Allow the association of primitive values (instances of MguiNumber) with a shape's vertices.

The abstract class InterfaceShape is the base implementation of interface shapes. It currently has two subclasses: Shape2DInt and Shape3DInt.

Shape Sets

Shape sets are collections of interface shapes.

The interface ShapeSet is the basic interface for all shape sets.

Tree Nodes

Tree nodes allow an interface object to be represented as a node on a tree graph, and provide an interface for changing attributes, copying, cutting, pasting, moving, and drag-and-dropping.

The class InterfaceTreeNode is the basic implementation of all tree nodes.

Input/Output (I/O)

Input and output (I/O) operations in ModelGUI are handled through an I/O interface. The purpose of this object is to:

  • Provide standard methods for input and output operations
  • Provide complementarity between input and output operations. That is, for each input operation that loads data from persistent memory, there is a complementary output operation, which puts the identical data back into persistent memory.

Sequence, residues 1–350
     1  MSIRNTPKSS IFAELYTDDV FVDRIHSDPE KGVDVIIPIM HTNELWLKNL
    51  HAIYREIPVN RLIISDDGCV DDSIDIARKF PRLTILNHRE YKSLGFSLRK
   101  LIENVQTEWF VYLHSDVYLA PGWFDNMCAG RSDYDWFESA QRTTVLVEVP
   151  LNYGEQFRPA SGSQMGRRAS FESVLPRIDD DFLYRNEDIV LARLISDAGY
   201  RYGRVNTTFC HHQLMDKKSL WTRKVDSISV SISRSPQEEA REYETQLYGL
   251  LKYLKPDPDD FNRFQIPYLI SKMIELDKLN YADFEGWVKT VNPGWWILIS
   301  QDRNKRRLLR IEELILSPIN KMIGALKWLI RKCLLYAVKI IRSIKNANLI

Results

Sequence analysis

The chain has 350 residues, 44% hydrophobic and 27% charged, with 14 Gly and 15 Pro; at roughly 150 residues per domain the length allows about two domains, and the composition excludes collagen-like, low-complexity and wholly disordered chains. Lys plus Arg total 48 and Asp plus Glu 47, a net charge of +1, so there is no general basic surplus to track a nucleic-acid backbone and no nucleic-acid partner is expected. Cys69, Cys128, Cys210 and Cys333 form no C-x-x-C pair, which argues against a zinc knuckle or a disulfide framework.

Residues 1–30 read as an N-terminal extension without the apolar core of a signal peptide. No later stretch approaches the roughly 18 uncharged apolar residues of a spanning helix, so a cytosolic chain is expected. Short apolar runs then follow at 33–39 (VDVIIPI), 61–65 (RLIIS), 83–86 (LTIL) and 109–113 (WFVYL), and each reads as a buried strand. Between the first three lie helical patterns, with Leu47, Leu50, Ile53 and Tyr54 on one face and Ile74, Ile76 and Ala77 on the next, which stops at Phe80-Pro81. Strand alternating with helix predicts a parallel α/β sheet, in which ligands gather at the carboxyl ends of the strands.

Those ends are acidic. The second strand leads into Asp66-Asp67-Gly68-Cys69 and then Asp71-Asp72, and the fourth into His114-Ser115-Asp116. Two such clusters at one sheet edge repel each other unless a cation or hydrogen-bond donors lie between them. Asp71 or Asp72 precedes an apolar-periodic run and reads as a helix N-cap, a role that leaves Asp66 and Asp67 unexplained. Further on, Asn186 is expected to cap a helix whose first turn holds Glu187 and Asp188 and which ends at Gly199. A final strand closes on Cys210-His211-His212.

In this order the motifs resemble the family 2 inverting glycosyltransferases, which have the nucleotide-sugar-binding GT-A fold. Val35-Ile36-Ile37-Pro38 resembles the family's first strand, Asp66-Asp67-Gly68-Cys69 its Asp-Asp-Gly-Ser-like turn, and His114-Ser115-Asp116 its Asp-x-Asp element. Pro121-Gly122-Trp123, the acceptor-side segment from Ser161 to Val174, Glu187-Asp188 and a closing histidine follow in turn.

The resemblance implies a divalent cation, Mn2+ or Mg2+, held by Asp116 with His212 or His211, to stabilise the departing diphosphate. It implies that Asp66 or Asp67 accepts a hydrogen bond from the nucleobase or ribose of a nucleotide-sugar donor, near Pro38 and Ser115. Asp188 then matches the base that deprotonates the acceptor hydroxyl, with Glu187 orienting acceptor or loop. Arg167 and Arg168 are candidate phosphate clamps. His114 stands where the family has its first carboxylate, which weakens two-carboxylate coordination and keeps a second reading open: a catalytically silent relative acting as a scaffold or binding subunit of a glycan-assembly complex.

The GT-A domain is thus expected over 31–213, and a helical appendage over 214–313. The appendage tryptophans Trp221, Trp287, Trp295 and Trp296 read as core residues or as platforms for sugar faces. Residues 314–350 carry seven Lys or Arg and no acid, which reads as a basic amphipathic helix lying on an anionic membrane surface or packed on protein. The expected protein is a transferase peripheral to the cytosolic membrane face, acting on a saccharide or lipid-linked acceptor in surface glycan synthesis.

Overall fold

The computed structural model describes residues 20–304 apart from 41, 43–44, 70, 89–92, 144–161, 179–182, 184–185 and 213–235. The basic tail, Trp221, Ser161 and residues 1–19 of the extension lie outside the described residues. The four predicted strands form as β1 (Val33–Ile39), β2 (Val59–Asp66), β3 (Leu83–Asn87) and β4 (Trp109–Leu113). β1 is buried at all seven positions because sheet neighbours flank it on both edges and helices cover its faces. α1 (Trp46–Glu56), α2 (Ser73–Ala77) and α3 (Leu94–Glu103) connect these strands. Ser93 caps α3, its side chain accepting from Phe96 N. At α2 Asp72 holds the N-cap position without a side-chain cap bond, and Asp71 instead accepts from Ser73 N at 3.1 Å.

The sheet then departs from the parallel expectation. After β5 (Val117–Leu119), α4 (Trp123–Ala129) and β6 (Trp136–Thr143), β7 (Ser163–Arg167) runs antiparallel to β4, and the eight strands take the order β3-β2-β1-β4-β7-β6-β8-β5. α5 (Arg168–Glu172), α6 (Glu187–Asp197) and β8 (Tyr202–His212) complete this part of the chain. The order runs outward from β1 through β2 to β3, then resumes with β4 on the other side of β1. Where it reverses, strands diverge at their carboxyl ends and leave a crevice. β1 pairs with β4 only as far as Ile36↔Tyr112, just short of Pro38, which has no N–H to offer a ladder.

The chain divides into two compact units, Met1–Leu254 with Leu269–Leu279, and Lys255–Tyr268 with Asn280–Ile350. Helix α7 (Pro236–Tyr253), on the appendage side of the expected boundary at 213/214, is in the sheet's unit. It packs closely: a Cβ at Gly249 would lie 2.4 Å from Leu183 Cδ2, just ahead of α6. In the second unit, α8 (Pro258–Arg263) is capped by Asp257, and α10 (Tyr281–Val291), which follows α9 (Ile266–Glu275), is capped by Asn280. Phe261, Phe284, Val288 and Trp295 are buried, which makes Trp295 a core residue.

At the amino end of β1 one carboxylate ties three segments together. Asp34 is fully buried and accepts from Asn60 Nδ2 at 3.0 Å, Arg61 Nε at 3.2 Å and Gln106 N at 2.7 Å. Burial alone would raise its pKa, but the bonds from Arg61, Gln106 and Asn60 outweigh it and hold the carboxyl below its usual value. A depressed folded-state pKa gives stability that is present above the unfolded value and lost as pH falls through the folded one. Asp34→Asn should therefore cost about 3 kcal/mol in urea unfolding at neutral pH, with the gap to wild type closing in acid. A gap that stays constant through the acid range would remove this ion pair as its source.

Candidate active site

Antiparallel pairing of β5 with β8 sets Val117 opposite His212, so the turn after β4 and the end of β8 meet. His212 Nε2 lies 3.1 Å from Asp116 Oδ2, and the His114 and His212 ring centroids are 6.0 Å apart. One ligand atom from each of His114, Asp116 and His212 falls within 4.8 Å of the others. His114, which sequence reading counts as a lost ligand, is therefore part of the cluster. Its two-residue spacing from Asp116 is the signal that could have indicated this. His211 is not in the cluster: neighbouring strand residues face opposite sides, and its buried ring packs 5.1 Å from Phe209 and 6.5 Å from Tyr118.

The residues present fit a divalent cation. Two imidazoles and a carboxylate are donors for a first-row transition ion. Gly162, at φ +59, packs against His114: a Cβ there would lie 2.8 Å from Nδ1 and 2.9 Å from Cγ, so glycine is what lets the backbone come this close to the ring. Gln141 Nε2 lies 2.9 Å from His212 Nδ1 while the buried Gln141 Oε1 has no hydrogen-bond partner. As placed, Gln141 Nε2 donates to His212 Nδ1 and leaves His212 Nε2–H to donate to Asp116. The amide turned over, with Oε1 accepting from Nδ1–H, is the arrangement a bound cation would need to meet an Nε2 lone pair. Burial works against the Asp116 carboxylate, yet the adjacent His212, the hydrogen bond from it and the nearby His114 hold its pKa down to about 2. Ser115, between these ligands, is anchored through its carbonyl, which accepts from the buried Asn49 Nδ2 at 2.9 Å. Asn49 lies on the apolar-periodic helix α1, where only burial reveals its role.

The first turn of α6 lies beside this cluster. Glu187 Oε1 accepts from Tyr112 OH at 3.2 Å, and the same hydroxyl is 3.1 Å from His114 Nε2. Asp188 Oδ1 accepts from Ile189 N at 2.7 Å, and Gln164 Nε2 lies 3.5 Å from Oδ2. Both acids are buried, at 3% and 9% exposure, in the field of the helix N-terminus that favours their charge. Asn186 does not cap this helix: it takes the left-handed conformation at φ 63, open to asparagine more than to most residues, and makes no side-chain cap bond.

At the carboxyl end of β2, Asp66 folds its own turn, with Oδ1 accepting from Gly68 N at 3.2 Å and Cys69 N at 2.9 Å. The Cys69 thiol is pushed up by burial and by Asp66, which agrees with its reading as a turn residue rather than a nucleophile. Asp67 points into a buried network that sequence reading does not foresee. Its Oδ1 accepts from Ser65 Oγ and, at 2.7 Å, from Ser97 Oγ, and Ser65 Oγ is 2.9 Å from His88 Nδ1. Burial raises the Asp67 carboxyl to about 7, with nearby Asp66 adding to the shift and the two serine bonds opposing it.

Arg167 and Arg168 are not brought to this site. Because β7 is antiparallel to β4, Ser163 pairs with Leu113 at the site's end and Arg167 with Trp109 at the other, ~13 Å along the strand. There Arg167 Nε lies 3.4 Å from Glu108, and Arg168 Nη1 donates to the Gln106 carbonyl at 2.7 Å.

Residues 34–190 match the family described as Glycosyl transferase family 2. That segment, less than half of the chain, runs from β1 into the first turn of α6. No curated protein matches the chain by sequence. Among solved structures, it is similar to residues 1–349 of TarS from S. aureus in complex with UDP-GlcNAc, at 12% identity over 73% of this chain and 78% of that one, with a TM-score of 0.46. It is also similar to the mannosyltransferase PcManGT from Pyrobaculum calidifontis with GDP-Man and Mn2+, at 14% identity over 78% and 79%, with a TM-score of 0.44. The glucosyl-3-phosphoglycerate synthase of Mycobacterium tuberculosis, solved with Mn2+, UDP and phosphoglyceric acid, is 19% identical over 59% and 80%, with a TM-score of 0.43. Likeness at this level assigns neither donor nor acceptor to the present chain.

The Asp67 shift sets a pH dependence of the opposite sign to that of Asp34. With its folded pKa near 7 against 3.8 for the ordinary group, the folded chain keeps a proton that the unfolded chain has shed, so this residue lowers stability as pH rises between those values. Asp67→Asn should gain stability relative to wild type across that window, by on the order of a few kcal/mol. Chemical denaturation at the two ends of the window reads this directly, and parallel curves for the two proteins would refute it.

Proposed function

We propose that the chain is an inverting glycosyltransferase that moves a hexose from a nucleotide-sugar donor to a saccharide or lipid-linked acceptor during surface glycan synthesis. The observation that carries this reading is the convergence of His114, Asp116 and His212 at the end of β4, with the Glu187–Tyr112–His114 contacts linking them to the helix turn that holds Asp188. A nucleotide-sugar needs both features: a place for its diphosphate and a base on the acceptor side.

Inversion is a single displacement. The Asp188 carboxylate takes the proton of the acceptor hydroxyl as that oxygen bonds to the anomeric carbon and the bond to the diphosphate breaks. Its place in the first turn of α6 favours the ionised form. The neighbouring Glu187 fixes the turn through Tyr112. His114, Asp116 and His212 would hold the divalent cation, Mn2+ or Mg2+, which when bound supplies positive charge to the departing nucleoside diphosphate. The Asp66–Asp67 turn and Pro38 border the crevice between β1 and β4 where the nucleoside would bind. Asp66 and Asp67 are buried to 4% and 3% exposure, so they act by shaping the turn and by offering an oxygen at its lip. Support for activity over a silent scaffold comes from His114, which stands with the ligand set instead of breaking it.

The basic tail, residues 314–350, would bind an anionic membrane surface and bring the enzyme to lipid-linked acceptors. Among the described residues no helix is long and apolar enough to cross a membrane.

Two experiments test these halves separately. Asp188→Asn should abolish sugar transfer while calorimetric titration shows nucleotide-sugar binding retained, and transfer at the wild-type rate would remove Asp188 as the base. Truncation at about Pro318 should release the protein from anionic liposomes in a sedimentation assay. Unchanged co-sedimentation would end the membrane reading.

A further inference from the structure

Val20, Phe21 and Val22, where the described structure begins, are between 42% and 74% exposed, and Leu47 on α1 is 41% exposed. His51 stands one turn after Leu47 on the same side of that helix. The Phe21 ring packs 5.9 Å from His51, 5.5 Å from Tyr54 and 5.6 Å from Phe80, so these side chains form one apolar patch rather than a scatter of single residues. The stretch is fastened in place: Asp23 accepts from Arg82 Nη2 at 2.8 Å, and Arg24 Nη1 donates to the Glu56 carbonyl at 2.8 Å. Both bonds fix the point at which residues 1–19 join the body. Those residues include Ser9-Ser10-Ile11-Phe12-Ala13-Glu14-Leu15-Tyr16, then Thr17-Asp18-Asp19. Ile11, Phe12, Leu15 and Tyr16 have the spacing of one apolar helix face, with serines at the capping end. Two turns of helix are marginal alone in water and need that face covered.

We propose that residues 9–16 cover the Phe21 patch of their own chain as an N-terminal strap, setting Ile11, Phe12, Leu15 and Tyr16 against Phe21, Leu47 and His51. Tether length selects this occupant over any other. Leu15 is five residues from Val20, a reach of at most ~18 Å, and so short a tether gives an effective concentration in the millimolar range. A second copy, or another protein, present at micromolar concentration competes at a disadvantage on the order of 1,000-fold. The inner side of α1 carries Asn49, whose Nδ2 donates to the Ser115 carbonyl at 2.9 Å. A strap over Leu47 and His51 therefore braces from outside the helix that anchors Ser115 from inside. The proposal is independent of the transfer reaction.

The I/O interface is specified by the Java interface InterfaceIO. The two major subclasses of this interface are FileWriter and FileLoader.

Instances of I/O operations are specified by the user's Environment. This specification includes the extensions associated with the operation, and the specific implementations of InterfaceIO which perform the operation. This specification is implemented in mgui by the class InterfaceIOType.

Graphic User Interfaces



Dialog boxes


Mouse and keyboard interfaces

Data Sources